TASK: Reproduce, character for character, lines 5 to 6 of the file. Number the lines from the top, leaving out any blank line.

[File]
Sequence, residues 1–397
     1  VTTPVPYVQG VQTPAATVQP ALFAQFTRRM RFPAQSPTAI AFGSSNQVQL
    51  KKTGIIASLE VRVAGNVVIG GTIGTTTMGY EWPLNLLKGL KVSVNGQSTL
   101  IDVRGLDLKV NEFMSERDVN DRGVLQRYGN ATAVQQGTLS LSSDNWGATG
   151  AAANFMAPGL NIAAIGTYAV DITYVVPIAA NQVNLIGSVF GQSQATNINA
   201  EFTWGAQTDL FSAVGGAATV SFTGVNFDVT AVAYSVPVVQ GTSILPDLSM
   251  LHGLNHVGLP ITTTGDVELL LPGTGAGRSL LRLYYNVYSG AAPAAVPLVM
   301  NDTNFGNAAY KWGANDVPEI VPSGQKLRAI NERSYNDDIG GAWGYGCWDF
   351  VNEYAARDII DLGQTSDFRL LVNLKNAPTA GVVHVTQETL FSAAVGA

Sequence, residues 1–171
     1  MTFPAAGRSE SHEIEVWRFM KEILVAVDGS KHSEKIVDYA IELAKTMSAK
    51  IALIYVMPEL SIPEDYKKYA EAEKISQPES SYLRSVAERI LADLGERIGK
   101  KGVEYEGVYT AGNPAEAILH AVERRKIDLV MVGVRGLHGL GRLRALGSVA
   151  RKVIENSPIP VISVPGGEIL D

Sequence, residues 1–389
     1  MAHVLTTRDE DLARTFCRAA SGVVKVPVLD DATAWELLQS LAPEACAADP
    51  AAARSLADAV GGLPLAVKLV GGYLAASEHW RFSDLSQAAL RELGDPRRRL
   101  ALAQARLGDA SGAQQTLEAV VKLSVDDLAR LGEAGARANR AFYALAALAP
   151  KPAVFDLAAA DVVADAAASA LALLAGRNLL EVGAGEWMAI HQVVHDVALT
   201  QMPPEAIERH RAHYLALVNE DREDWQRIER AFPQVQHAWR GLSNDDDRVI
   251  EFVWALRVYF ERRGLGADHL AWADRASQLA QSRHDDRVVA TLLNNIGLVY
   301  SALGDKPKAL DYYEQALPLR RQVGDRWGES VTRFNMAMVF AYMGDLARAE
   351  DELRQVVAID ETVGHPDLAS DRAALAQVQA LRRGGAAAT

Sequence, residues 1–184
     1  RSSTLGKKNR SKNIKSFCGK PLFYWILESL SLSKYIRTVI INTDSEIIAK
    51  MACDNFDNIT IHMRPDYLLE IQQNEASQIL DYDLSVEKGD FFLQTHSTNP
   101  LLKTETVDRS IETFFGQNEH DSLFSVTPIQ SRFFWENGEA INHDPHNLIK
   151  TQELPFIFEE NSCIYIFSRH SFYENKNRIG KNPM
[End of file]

   151  AAANFMAPGL NIAAIGTYAV DITYVVPIAA NQVNLIGSVF GQSQATNINA
   201  EFTWGAQTDL FSAVGGAATV SFTGVNFDVT AVAYSVPVVQ GTSILPDLSM